After four years in Mumbai (my husband completed 5 in July), we are moving again. We knew we would eventually move out, but we had no idea when and where. We’ve been waiting to know what’s next. Finally, we now have a date and a place and we’re excited. Fortunately, my husband and I love change; we are pretty much nomads. We often joke about how when we can’t move jobs, we move homes and when we can’t move homes, we move countries. It’s not how we planned our lives, but, that’s kind of how it’s been for us since we tied the knot and honestly, none of us is complaining.
After waiting for over a year (because that’s when my husband started getting pins and needles), the cat’s finally out of the bag. We now know that we will be moving to Bangladesh and it will be one and a half months from now. That quick! I have my hands full with sorting out and settling stuff – it’s amazing how much junk you can collect in 4 years!
Despite all the busyness around me, I had to write a quick post to tell you about the move- all of you who’ve been waiting like me to know where next. When we got to know we are moving to Bangladesh, we danced with delight- it’s funny how excited we were. One would think we were moving to Sweden or some other country that was flourishing. Based on the little knowledge we had of the country (as per all the indexes used to measure poverty) we were aware that it ranked lower than India in most areas and yet we were happy (maybe we are crazy). I have been doing some reading and now know that the Bangladesh economy apparently is growing at a faster pace than India. That ofcourse, says nothing of the living standards there.
Historically, Bangladesh was a part of India, it was separated during the partition – Bangladesh was East Pakistan, until 1971 when it declared independence from Pakistan and became its own country, so I suppose it’s not going to be very much different from India (at least that’s what I think). Another thing I know about the country is that flooding is a common phenomenon-with around 240 rivers crisscrossing it, a major part of it is underwater than above and the population lives in the areas above water leaving the city densely populated. Lastly and probably the worst thing I knew, was the terrorist attack of 2016. I’m aware terrorist attacks have happened across the globe, even in Mumbai but it’s different when you have some link to a victim of the attack. One of the people who were killed was a young girl whose photograph I’d seen a few months prior to the attack – I vividly remember her because she was with a friend’s daughter and they were dressed for prom- it was a group photograph of four girls and she looked gorgeous in a strapless, red shimmering gown. She was killed because she refused to leave her friends behind.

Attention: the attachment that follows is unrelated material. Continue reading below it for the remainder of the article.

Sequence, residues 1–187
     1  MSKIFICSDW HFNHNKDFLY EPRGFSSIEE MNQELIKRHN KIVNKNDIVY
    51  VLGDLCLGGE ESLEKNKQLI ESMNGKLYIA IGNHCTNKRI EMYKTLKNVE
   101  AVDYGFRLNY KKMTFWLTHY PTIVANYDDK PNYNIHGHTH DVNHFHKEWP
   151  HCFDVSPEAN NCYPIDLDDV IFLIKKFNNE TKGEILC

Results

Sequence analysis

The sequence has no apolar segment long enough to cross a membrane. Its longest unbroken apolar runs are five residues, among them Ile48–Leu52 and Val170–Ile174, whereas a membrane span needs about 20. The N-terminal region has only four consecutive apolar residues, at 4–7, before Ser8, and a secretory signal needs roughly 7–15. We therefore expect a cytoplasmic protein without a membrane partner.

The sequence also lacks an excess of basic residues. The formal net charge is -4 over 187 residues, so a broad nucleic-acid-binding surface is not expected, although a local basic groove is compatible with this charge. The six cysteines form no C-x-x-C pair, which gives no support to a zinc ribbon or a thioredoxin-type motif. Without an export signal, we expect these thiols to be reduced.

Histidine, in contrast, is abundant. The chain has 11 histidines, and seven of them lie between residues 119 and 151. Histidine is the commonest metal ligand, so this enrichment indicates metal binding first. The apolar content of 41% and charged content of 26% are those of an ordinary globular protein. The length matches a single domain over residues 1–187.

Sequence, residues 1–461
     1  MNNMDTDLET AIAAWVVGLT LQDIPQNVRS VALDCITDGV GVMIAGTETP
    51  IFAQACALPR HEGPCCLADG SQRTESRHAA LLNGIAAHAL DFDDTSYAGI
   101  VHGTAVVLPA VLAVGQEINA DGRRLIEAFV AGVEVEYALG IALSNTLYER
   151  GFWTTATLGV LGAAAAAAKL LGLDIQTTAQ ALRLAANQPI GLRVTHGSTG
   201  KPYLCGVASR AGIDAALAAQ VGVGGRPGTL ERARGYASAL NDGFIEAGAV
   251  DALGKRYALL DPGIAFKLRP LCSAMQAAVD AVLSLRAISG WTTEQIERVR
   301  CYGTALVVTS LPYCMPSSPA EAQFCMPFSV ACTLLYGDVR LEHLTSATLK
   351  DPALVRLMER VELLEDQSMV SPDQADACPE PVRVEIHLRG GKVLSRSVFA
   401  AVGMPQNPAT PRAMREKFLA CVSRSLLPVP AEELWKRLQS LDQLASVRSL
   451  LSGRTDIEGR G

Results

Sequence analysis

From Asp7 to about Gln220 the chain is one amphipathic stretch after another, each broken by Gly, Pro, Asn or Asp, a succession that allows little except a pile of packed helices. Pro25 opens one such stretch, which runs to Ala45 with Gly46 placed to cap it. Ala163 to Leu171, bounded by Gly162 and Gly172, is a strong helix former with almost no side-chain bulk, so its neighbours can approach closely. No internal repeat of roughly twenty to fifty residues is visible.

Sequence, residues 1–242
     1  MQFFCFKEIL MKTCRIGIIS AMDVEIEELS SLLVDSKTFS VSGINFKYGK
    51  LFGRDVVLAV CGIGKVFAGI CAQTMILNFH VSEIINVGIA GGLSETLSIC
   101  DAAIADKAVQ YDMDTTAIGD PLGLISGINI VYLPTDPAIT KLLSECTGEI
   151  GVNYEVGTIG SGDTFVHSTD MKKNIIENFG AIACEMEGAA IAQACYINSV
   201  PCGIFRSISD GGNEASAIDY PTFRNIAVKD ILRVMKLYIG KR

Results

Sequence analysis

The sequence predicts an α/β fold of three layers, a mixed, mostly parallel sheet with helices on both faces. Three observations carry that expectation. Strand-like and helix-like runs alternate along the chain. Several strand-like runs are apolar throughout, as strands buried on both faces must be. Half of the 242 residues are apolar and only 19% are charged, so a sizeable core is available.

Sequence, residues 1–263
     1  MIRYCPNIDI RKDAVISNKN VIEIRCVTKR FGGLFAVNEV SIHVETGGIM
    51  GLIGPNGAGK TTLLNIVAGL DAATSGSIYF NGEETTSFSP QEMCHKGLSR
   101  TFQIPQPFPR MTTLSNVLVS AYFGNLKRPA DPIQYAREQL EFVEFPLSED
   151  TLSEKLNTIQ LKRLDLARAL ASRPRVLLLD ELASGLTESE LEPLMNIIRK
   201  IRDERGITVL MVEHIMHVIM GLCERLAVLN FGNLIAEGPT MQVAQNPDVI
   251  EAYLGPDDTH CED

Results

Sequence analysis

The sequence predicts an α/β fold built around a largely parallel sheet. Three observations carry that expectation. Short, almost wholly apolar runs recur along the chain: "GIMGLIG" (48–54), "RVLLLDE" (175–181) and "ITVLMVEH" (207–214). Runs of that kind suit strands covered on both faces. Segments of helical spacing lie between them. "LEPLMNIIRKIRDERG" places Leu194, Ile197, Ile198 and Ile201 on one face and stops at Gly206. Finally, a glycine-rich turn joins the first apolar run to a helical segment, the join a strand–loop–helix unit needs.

I’ve been talking to friends who’ve been there and done that, so I have a fairly good idea of what to expect. And they’ve told me to keep my expectations low. And yet, in the very same breath, they’ve said they love the country very much. I’m not sure if I understand why but that’s something I’ll probably find out once I go there. I’ll get to know if it is the country they fell in love with or life as an expatriate. Because everybody knows, when one goes as an expatriate to a country, especially one that is an emerging market, you’re treated like royalty.
My conversations on the country thus far, have led to some very shocking revelations – a) there are malls there but they only sell local brands. All foreign brands with a ‘Made in Bangladesh’ tag are exported. So, there’s not going to be any shopping there. b) Amazon does not exist in the country. The first that crossed my mind was how am I going to order books as and when I want. Thank God, for Kindle! c) There are just three places you can go sightseeing in the country. Most people travel either to North-east India or South-East Asia every three or four months for a break. This sounded exciting to the travel bug in me. d)Since, there’s nothing to do there, people socialize. In fact, you have to socialize- it is the only way to keep depression at bay. This poses a challenge as ‘Socializing’ has never been my thing. Let’s see how that goes for me. I suppose I’ll have to trust art and blogging to be my lifesavers there.
I’m looking at the move as an opportunity to travel to a new destination and to understand the culture and life of people in another country – it will give me something to write about :)). I’m not overthinking the move – God’s opened a door and I’m walking straight in, in full faith, with no knowledge of what lies beyond it but with the hope that it will all be good. So, if anybody is asking, “Are you happy?” my answer is, “Yes, I am happy.”
Stay with me as you have until now. I will keep writing, even as I’m packing and moving and doing whatever I’m doing because I love that you’ll care. Thanks to all of you who read and write back, I know I’ll not be alone even when I literally may be, as my younger one will soon be on her way to Uni too. I’m signing off for now. Wishing all of you a lovely weekend!